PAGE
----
I'm not suggesting that every industrial manufacturer jumps into the entertainment space. I am suggesting, however, that if your company is a market leader, it has an enormous amount of expertise and industry knowledge. Opening the door to that content will demonstrate thought leadership and bring more customers.
As you probably already know, content is hard! The good news is, the brands mentioned above are not your competition. The bad news is, any competitor that starts building content first is giving themselves an advantage that you don't have if you're not producing content. The trick--if there is one--is planning. Sit down with your team and map out content ideas for the next four to twelve months. Then determine the best format for each piece of content (text, image, video, social media, etc.) Planning is half of the content creation battle. Once you have a plan in place, make assignments and stick to deadlines. Just like any other part of your business plan, you must execute. If you constantly find content creation on the back burner - well of course you can reach out to your most trusted digital agency.
Most B2B businesses don't produce content because of the time it takes to do it right. Unfortunately, there are no shortcuts. But if you plan it, schedule it, and put the right people in charge of it, your content production will increase in quantity and value over time, doing more to serve those researchers from Challenge #1 above.
Challenge #3: Understanding conversion values
In e-commerce, the conversion is the sale. But most B2B businesses don't have the luxury of selling products directly and instead must manage leads from a variety of conversion points on their website.
Most B2B websites range from one to a half dozen or more "conversion" points. These can be a contact form; a phone call; a request for a quote; a download of a brochure, a whitepaper download, etc. You get the idea. Each one of these conversions has a different value based on the likelihood of it turning into an actual customer. When looking at your online conversion data, it's important to differentiate between each of these conversion points and their position in the buyer's journey.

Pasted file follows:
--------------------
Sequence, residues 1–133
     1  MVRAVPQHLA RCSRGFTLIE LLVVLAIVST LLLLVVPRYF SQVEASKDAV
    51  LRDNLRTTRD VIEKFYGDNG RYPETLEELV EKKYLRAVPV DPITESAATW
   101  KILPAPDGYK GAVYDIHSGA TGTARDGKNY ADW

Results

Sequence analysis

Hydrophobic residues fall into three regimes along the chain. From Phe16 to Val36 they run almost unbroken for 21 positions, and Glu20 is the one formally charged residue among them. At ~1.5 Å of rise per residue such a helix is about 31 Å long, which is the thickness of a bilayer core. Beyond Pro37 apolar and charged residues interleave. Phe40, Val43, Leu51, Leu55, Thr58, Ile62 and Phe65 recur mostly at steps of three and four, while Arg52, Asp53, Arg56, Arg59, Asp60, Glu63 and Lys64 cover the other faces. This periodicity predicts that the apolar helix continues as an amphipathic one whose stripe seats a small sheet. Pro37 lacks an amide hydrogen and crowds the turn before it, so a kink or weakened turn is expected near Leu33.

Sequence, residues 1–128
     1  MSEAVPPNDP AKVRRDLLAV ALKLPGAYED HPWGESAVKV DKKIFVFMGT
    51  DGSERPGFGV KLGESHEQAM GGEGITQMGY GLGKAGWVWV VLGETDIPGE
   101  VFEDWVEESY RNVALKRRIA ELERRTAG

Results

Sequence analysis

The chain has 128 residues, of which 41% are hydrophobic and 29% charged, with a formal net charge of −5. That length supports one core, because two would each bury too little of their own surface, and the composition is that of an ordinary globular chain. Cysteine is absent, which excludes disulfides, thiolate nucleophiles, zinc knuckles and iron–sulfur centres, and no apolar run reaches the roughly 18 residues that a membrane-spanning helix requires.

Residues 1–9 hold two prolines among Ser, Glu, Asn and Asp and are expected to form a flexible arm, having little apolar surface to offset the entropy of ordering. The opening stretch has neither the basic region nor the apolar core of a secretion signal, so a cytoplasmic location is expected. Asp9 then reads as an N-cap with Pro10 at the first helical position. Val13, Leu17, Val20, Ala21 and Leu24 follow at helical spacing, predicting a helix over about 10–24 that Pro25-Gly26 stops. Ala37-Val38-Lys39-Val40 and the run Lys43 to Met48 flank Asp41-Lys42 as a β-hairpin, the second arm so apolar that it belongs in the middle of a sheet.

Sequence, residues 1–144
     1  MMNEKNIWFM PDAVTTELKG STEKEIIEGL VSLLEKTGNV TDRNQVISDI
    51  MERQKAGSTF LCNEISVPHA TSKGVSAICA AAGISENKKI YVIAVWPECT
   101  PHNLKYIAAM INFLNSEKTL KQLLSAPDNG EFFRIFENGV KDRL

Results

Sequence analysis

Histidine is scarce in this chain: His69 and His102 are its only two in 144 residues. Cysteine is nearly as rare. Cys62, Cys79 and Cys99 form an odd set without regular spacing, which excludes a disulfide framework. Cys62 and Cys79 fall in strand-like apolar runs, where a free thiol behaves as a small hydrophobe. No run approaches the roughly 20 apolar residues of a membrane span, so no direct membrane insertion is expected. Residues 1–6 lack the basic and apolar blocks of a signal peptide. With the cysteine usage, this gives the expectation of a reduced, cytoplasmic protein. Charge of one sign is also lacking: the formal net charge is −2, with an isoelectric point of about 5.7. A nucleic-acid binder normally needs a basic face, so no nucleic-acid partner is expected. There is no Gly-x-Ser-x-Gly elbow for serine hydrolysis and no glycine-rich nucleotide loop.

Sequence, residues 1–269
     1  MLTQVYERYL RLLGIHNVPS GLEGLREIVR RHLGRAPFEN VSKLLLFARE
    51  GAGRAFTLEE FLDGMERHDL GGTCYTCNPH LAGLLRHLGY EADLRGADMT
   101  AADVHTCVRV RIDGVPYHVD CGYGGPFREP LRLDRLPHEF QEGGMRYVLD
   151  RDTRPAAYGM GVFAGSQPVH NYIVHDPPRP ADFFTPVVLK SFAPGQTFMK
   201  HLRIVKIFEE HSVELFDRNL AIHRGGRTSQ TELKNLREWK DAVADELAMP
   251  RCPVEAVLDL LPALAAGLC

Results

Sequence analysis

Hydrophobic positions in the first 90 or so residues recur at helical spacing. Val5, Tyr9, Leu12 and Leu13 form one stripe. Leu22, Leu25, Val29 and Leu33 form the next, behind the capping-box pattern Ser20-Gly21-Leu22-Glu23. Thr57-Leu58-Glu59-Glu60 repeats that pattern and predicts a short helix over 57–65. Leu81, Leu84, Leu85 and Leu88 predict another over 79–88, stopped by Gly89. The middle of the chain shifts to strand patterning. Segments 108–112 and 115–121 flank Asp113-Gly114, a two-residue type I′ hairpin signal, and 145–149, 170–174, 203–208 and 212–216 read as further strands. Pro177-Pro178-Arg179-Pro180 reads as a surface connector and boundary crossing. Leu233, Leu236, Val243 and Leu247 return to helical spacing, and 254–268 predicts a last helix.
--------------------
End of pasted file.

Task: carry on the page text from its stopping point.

If your digital marketing team is touting growth in conversions but your sales are not following suit, it may be because they have lumped all their conversions into the same bucket. While you can't fault them for showing the improvements they have achieved, you need to make sure they are focused on the conversions that have the highest value to your bottom line.
Challenge #4: Managing expectations
Digital marketing itself is a long-term play. While a website can be optimized within a definitive amount of time, it's the building up of your digital authority that takes time. This makes digital marketing a challenge for many who expect to see quick results. I tell most people that they're looking at nine to twelve months before they'll really feel like their digital strategy is starting to gain traction. Agencies that sell "fast results" and "guaranteed rankings" are looking for trouble.
But with the long sales cycle of B2B, it's even more important to manage expectations. Not only do you have to bide your time while you build up your digital authority, you then have the added delay of the time it takes to convert your leads into actual customers. The good news is that with analytics in place, you can start tracking metrics that prove whether or not your digital marketing strategy is working.